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Gateway

“Gateway” is a grim, hypnotic, mostly successful marriage of austere Irish crime drama and eerie, supernatural horror.

Gateway

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We Irish are a morbid bunch. I’m not sure if it’s the legacy of colonialism, brutal wars, and famine in our collective consciousness lending us a more frank understanding of the fragility of life, but death never seems too far from the minds of Irish people the world over.

I’m a few generations removed from my Irish ancestry, but this sensibility feels hardwired into my DNA. It’s probably why I like horror so much.

That morbid fascination is often shot through with a welcome dose of black humor, one last laugh on the slow march to the gallows. But there’s little humor to be had in today’s film, 2022’s Gateway, written and directed by Niall Owens in his feature debut.

(You can watch Owens’ IFTA nominated short, Animal, right here — a story about a Man who escapes from a life of slavery in a modern-day world.)

GATEWAY follows a group of mid-level weed distributors looking for a quiet place to grow enough product to pay off a gangster named Cyril (Jimmy Smallhorne, quietly intimidating in a one-scene role).

With only two months to come up with the money, they get a tip about an abandoned house where nobody goes, with an attic that seems perfect for growing. 

But each of these men is nursing their own private pain, taking their minds off their mission.

Mike (Tim Creed, Dominion Creek) is still reeling from his sister’s murder a month prior; Joe (Kevin Barry, Michael Inside) has a contentious relationship with his ex, his drinking threatening to get in the way of seeing his daughter Sarah.

Eddie (Laurence Ubong Williams, Humans) is grieving the loss of his adopted dad, who disowned him when he found out what he was up to (two other guys aren’t given any backstory, but one of them is used basically as a proof-of-concept, and the other one has the good sense to get the hell out of there).

It doesn’t take long before strange goings-on begin happening, as the house seems to prey on their fears, sorrow, and guilt, drawing them towards a mysterious wooden gateway inside of a locked room, leading to disastrous results for them all.  

Owens leaves a lot of what’s going on up to our own interpretation, preferring for many questions to go unanswered.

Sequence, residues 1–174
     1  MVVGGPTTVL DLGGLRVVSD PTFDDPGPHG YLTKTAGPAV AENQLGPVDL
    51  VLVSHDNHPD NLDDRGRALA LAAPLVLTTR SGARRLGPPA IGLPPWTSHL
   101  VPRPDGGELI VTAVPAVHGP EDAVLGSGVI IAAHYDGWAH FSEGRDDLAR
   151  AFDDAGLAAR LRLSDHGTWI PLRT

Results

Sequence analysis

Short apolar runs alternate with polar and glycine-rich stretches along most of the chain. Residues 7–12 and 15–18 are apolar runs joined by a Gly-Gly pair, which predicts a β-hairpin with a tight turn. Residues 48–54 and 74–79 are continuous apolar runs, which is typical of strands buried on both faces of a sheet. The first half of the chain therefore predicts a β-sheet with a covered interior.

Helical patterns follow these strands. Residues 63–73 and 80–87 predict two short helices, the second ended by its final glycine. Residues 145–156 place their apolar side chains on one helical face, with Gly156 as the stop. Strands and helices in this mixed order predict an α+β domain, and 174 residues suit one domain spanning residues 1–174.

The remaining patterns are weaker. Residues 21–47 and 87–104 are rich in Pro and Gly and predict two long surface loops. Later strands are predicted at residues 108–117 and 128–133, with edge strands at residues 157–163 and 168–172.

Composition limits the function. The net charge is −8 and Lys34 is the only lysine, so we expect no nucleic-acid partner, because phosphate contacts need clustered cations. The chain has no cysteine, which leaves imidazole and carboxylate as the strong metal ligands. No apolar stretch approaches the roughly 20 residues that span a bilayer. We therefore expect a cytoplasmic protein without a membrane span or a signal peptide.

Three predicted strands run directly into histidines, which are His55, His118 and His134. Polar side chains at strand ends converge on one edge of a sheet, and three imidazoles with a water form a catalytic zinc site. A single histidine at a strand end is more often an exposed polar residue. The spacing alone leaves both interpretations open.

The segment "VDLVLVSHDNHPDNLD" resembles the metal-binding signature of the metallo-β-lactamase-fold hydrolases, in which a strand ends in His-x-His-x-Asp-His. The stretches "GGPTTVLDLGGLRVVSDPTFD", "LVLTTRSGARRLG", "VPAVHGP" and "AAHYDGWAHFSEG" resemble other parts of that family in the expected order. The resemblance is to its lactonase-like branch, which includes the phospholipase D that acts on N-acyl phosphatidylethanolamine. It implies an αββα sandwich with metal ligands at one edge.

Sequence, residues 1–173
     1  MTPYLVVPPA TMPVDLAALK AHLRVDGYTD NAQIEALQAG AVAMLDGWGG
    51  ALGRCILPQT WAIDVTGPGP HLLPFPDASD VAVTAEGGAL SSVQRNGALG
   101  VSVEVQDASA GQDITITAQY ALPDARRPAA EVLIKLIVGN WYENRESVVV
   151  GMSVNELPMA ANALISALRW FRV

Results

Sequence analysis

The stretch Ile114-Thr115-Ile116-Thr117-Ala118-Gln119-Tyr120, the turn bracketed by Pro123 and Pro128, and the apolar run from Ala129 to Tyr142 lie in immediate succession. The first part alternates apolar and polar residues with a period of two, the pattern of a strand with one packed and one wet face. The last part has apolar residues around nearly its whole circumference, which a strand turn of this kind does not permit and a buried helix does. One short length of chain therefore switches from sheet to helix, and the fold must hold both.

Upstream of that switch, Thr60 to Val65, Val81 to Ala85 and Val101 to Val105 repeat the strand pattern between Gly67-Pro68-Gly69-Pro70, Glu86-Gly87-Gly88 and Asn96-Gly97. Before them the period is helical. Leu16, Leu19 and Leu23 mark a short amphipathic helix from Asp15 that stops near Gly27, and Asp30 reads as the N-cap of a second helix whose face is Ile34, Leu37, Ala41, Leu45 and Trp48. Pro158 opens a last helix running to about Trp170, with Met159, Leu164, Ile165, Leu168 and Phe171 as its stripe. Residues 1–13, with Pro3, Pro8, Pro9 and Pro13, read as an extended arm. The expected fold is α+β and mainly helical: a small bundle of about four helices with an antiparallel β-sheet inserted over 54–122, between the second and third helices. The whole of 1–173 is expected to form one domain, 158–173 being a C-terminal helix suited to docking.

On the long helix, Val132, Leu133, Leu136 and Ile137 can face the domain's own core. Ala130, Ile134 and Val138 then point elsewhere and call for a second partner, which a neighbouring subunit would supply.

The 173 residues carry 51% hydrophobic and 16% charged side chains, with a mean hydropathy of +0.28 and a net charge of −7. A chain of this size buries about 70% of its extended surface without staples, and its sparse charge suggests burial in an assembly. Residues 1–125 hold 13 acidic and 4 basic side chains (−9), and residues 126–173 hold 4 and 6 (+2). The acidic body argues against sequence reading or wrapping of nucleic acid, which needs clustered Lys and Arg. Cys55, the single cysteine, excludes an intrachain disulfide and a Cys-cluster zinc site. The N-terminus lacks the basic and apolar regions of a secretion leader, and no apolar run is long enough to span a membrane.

What is this house? What does it want with these men? Who are the mysterious man and woman (John Ryan Howard and Rosie O’Regan) who keep showing up? Just what the hell is going on here anyway?

Some viewers may find this approach frustrating, but I’ve come to appreciate art that doesn’t spell everything out for us and leaves us with something to ponder.

Mainstream horror, in particular, has a tendency to over-explain itself, making its monsters much less frightening in the process (think about how much scarier Michael Myers was before each successive sequel chipped away at his mystery).

The fact that its horror is largely left unexplained allows it to take root in our imaginations.

It’s entirely possible that Gateway has many equally valid interpretations, but to me, it feels like a representation of the corrosive effect of violence and the hollowness of retribution.

The gateway allows the men to indulge in their own violent fantasies, seeking revenge on those they blame for their circumstances, but that violence only leads to further violence. Only by disrupting the violent cycle is there any hope for escape.

It’s maybe not the most novel analysis, but much like its titular structure, the film feels built to give us the opportunity to see what we want to see. 

If that kind of ambiguity doesn’t appeal to you, luckily, the actors keep one foot firmly planted on terra firma.

Creed, in particular, gives a deeply wounded, haunted performance, where his guilt and grief are palpable just below the surface. Barry and Williams also carry their characters’ wounds deftly, mostly choosing to bottle up their pain to focus on the task at hand, but it’s never very far behind their eyes.

The film makes strong use of its limited locale, with Ger Murphy’s dusky cinematography a match for its bleak world, and its dips into surreal, dreamlike horror make for an interesting contrast.

It might not break down any barriers, but it’s an effective, disquieting film and one that marks Owens as a promising talent to watch out for.

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